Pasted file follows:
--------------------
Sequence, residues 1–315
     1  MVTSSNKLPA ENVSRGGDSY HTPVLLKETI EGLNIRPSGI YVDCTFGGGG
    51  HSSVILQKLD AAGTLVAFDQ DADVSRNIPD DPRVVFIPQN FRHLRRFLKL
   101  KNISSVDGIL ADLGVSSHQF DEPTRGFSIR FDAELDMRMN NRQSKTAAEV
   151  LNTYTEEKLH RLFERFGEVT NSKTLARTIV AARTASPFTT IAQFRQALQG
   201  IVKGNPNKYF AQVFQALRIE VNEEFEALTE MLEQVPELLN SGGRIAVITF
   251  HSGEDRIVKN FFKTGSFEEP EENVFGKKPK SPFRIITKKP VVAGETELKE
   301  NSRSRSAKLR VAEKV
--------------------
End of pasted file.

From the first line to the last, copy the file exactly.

Sequence, residues 1–315
     1  MVTSSNKLPA ENVSRGGDSY HTPVLLKETI EGLNIRPSGI YVDCTFGGGG
    51  HSSVILQKLD AAGTLVAFDQ DADVSRNIPD DPRVVFIPQN FRHLRRFLKL
   101  KNISSVDGIL ADLGVSSHQF DEPTRGFSIR FDAELDMRMN NRQSKTAAEV
   151  LNTYTEEKLH RLFERFGEVT NSKTLARTIV AARTASPFTT IAQFRQALQG
   201  IVKGNPNKYF AQVFQALRIE VNEEFEALTE MLEQVPELLN SGGRIAVITF
   251  HSGEDRIVKN FFKTGSFEEP EENVFGKKPK SPFRIITKKP VVAGETELKE
   301  NSRSRSAKLR VAEKV